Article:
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Steroid overuse may ignite burning skin syndrome. (High Nitrate Levels may Offer a Clue).

NEW YORK -- Many highly frustrated patients diagnosed with chronic atopic dermatitis or burning skin syndromes may in fact be reacting to overuse of corticosteroids, Dr. Martin Rapaport said at the American Academy of Dermatology's Academy 2002 meeting.

Preliminary evidence suggests that measuring nitrate levels in serum may distinguish these patients from those who have "true" eczema, announced Dr. Rapaport of the University of Los Angeles.

Dr. Rapaport, who confessed he is "fairly passionate about this subject," believes dermatologists are too quick to prescribe superpotent corticosteroids and to dismiss as "crazy" patients who develop a classic pattern of symptoms that include burning sensations that may seem disproportionate to clinically apparent skin findings.

He described 100 patients who presented with a consistent pattern of clinical symptoms after having been treated with corticosteroids for 2 months to 40 years, often by a series of physicians who prescribed increasingly potent formulations when symptoms failed to resolve.

In these patients, many of whom are atopic, a chronic eczematoid rash is accompanied by what he termed "fierce burning."

The rash may appear in odd locations, and it does not worsen with wind, dry winter weather, or harsh soaps. Biopsies reveal spongiotic dermatitis.

Patch testing can produce highly misleading results, including false-positive reactions to merthiolate, fragrance, lanolin, or nickel. "Positives are meaningless. It's garbage information," Dr. Rapaport said.

But physicians often tell such patients they need to avoid a huge array of potential triggers, including cosmetics, jewelry, spicy food, wool clothing, toilet paper, and emotional stress. These patients have often been to many doctors seeking a cure, accumulating more and more topical corticosteroids, and having repeated courses of oral and injected corticosteroids.

The only cure for such patients is complete, abrupt withdrawal of corticosteroids, Dr. Rapaport maintains.

In his series, 15 patients resumed corticosteroid use and were lost to follow-up, but the remaining 85 patients all cleared permanently once they stopped using corticosteroids. The follow-up period was 3 months to 12 years.

Another preliminary study revealed significant differences among 19 patients with active erythema and burning, 22 patients Dr. Rapaport considers to be "cured" of corticosteroid dependency, and 10 untreated patients with eczema. None of the eczema or "cured" patients had abnormal nitrate levels, but 14 of 19 patients with burning, erythemarous rashes did.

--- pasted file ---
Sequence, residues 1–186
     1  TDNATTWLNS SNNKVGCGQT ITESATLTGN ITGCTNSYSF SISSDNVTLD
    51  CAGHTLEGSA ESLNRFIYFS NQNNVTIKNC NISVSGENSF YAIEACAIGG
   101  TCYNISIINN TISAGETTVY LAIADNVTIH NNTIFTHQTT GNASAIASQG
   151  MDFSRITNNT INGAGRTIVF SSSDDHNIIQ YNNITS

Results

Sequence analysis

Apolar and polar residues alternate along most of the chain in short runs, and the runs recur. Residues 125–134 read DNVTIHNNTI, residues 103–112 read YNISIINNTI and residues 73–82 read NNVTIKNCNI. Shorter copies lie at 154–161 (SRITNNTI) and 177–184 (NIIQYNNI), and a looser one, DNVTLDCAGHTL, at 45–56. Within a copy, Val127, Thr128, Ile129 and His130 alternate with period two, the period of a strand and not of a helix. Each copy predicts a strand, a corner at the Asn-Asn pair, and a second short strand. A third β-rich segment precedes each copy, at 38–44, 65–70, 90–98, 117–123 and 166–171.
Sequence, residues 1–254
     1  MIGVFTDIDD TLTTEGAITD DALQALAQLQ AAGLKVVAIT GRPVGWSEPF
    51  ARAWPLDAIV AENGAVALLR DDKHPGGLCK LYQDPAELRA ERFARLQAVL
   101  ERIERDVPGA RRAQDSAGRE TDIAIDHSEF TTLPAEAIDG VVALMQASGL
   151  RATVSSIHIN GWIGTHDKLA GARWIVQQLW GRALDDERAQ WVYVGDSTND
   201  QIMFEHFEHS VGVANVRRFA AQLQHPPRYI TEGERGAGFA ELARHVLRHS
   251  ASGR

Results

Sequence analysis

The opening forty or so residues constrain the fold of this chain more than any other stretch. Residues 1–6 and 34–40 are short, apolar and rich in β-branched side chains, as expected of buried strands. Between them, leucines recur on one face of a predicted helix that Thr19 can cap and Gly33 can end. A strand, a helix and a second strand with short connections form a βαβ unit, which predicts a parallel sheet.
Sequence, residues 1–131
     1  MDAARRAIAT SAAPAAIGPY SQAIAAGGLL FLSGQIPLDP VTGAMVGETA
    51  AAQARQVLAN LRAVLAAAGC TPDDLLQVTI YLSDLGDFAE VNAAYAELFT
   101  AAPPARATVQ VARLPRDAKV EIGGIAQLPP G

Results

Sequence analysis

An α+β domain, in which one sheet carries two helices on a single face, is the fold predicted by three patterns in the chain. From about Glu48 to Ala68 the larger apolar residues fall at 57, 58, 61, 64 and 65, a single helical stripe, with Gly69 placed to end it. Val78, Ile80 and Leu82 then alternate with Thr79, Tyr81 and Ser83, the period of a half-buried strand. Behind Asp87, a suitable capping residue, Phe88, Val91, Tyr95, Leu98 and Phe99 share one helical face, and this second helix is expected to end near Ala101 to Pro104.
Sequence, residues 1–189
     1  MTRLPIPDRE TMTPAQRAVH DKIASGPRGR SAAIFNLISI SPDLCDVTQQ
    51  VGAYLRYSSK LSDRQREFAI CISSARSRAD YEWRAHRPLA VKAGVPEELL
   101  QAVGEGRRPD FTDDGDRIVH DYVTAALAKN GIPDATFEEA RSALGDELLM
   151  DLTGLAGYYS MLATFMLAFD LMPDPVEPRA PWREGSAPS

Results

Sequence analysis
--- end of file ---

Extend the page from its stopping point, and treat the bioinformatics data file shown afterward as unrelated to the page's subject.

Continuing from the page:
Nitrate is the measurable end point in serum used to assess levels of endothelium-derived relaxing factor (EDRF), which in turn relates to nitric oxide levels. Corticosteroids profoundly inhibit EDRF, leading to vasodilation and excess nitric oxide. Further research is planned to determine whether serum nitrate levels might be a useful diagnostic tool for skin disorders that are related to corticosteroid dependence.

In the meantime, Dr. Rapaport has devised a program for treating patients with the problem.

First, he stops all treatment with corticosteroids. Quite often, this leads to flares, which can be severe and include vesiculating, oozing reactions far from the site of corticosteroid application.

It can be tempting to reach for a superpotent corticosteroid that would clear the reaction in a day, but Dr. Rapaport beseeched colleagues to "stick to your guns" and stay away from corticosteroids.

Ice and cool compresses four times daily for 15 minutes, along with colloidal oatmeal baths, will help patients endure the flares before the condition resolves. Patients must be warned that complete resolution may take many months. Hydroxyzine (10 mg twice daily) may be prescribed for pruritus, and mild lubrication for exfoliation. Phototherapy consisting of UVB for 1-2 weeks may be needed until flares become less severe and less frequent.

In some patients, short-term sleeping pills and mild tranquilizers may be required. The length of time to full recovery varies according to the strength of the corticosteroid and its duration of use. Long-term users of superpotent corticosteroids may take 18-36 months to clear.

During this period, Dr. Rapaport recommends very frequent office visits and phone calls to reassure patients and to help keep them from going to another doctor for a prescription.

He described patients who ultimately healed with no residual symptoms after discontinuing corticosteroids altogether:

* One woman received 12 intralesional injections and oral Temovate for atopic dermatitis that developed under a cast on her arm. Her symptoms of burning rashes flared at 4 months and 12 months following cessation of steroids, but at 2 years she had. no rash and no symptoms.

* A male patient who had applied topical corticosteroids to an unspecific dermatitis on his back at his belt line developed a similar burning sensation. When he discontinued the medication, he developed red scrotum syndrome and atrophy in his inguinal region, all of which disappeared with continuing avoidance of corticosteroids.

RELATED ARTICLE: Signs of Steroid Overuse

* Red Face Syndrome

* Prolonged Postpeel or Postlaser Erythema

* Status Cosmeticus

* Red Scrotum Syndrome

* Perianal Atrophoderma

* Vulvodynia

* Chronic Atopic Dermatitis

Source: Dr. Marvin Rapaport
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Author:Bates, Betsy
Publication:Internal Medicine News
Date:Jan 1, 2003
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